25 Common Sayings And Where They Came From

Posted by on October 8, 2012

Have you ever thought about the expressions people use on a daily basis and wonder how they became such a widespread part of the English language? Well, I can assure you that I have. The one that recently piqued my interest is “kick the bucket.” As I heard those words escape someone’s lips, I thought to myself, “What on earth does a bucket have to do with death?” If you’re just as neurotic as I am, have any interest in these sayings and their histories, or just realized “kick the bucket” really is an odd saying and you’d like to figure out the history behind it, then this list of 25 common sayings and where they came from is the list for you. I hope it doesn’t “rub you the wrong way.”


10

No Spring Chicken

Meaning: Someone who is past his prime
History: New England chicken farmers generally sold chickens in the spring, so the chickens born in the springtime yielded better earnings than the chickens that survived the winter. Sometimes, farmers tried to sell old birds for the price of a new spring chicken. Clever buyers complained that the fowl was “no spring chicken,” and the term came to represent anyone past their prime.

9

Pleased as Punch

Meaning: To be very happy
History: A 17th century puppet show for children called Punch and Judy featured a puppet named Punch who always killed people. The act of killing brought him pleasure, so he felt pleased with himself afterwards.

8

Rub the Wrong Way

Meaning: To irritate, bother, or annoy someone
History: In colonial America, servants were required to wet-rub and dry-rub the oak-board floors each week. Doing it against the grain caused streaks to form, making the wood look awful and irritating the homeowner.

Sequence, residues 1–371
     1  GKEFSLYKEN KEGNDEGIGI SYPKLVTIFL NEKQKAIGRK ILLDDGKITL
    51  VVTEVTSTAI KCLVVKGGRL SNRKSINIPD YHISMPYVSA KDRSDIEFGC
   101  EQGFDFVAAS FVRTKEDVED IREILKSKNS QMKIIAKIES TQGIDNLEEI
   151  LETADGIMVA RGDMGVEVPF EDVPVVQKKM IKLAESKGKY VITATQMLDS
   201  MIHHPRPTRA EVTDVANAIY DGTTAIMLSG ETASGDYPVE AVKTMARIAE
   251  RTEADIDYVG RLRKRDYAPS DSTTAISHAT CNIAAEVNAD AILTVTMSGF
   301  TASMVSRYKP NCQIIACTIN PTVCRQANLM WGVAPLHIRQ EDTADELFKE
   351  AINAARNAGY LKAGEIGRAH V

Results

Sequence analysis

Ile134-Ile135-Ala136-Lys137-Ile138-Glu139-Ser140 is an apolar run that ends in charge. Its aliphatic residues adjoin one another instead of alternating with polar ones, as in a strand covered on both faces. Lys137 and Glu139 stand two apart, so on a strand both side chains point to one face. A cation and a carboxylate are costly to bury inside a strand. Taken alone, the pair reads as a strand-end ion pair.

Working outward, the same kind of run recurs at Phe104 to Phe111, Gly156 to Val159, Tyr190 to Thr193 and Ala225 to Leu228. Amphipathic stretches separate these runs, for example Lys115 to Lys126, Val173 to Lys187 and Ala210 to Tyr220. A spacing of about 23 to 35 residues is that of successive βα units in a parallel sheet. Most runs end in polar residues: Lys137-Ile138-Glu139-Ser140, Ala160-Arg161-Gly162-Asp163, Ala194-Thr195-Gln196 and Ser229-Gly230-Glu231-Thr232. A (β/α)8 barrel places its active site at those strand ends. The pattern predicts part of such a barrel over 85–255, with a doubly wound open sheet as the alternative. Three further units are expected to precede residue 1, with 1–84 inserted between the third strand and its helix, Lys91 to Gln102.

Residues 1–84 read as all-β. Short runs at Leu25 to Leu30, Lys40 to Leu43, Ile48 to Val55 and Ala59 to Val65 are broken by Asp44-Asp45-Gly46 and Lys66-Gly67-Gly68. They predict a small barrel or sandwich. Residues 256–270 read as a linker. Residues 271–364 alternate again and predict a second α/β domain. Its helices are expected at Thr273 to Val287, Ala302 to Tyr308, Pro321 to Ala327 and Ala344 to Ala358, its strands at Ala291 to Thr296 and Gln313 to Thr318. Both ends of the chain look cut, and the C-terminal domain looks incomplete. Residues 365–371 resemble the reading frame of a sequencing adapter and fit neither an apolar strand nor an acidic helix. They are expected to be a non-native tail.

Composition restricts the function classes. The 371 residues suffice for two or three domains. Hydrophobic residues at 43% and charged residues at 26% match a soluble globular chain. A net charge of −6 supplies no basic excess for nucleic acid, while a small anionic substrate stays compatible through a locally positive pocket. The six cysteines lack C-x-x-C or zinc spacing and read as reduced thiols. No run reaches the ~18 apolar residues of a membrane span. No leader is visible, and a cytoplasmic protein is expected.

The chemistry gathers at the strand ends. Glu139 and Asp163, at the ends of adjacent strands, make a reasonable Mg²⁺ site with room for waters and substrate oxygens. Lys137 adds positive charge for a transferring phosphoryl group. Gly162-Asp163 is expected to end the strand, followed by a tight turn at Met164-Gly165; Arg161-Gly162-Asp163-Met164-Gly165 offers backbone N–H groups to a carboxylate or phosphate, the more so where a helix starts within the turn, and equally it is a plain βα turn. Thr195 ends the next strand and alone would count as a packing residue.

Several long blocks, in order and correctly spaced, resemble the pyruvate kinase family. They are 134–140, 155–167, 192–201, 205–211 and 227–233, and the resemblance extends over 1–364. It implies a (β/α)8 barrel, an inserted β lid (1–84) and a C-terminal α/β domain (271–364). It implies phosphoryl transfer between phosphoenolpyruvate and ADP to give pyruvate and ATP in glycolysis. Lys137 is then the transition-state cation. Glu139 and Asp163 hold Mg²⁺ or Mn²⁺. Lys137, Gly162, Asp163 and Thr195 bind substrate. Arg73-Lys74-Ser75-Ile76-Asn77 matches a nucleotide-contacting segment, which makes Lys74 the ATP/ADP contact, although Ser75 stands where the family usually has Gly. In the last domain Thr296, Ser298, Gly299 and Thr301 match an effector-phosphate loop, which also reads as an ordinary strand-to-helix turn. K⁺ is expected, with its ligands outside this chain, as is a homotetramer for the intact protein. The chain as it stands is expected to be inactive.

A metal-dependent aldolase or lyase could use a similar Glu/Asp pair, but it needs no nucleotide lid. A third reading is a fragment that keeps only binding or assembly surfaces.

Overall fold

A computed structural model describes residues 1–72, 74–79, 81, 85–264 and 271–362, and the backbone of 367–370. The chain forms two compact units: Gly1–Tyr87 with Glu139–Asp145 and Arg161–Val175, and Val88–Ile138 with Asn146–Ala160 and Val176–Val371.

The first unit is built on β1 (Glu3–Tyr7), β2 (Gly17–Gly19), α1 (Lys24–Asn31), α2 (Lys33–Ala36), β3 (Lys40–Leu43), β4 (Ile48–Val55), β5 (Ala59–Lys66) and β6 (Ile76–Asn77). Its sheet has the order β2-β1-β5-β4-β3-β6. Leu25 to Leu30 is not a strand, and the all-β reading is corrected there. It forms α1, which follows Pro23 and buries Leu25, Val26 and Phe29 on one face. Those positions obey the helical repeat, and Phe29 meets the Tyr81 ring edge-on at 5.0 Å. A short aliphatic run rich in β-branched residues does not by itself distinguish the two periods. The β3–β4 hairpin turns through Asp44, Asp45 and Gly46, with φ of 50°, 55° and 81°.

7

Rule of Thumb

Meaning: A common, ubiquitous benchmark
History: Legend has it that 17th century English Judge Sir Francis Buller ruled it was permissible for a husband to beat his wife with a stick, given that the stick was no wider than his thumb.

6

Run Amok

Meaning: Go crazy
History: Comes from the Malaysian word amoq, which describes the behavior of tribesmen who, under the influence of opium, became wild, rampaging mobs that attacked anybody in their path.



5

Saved by the Bell

Meaning: Rescued from an unwanted situation
History: As scary as it sounds, being buried alive was once a common occurrence. People who feared succumbing to such a fate were buried in special coffins that connected to a bell above ground. At night, guards listened for any bells in case they had to dig up a living person and save them “by the bell.”

4

Show Your True Colors

Meaning: To reveal one’s true nature
History: Warships used to fly multiple flags to confuse their enemies. However, the rules of warfare stated that a ship had to hoist its true flag before firing and hence, display its country’s true colors.

3

Sleep Tight

Meaning: Sleep well
History: During Shakespeare’s time, mattresses were secured on bed frames by ropes. In order to make the bed firmer, one had to pull the ropes to tighten the mattress.

2

Spill the Beans

Meaning: To reveal a secret
History: In Ancient Greece, beans were used to vote for candidates entering various organizations. One container for each candidate was set out before the group members, who would place a white bean in the container if they approved of the candidate and a black bean if they did not. Sometimes a clumsy voter would accidentally knock over the jar, revealing all of the beans and allowing everyone to see the otherwise confidential votes.

1

Waking Up on the Wrong Side of the Bed

Meaning: Waking up in a bad mood
History: The left side of the body or anything having to do with the left was often associated considered sinister. To ward off evil, innkeepers made sure the left side of the bed was pushed against a wall, so guests had no other option but to get up on the right side of the bed.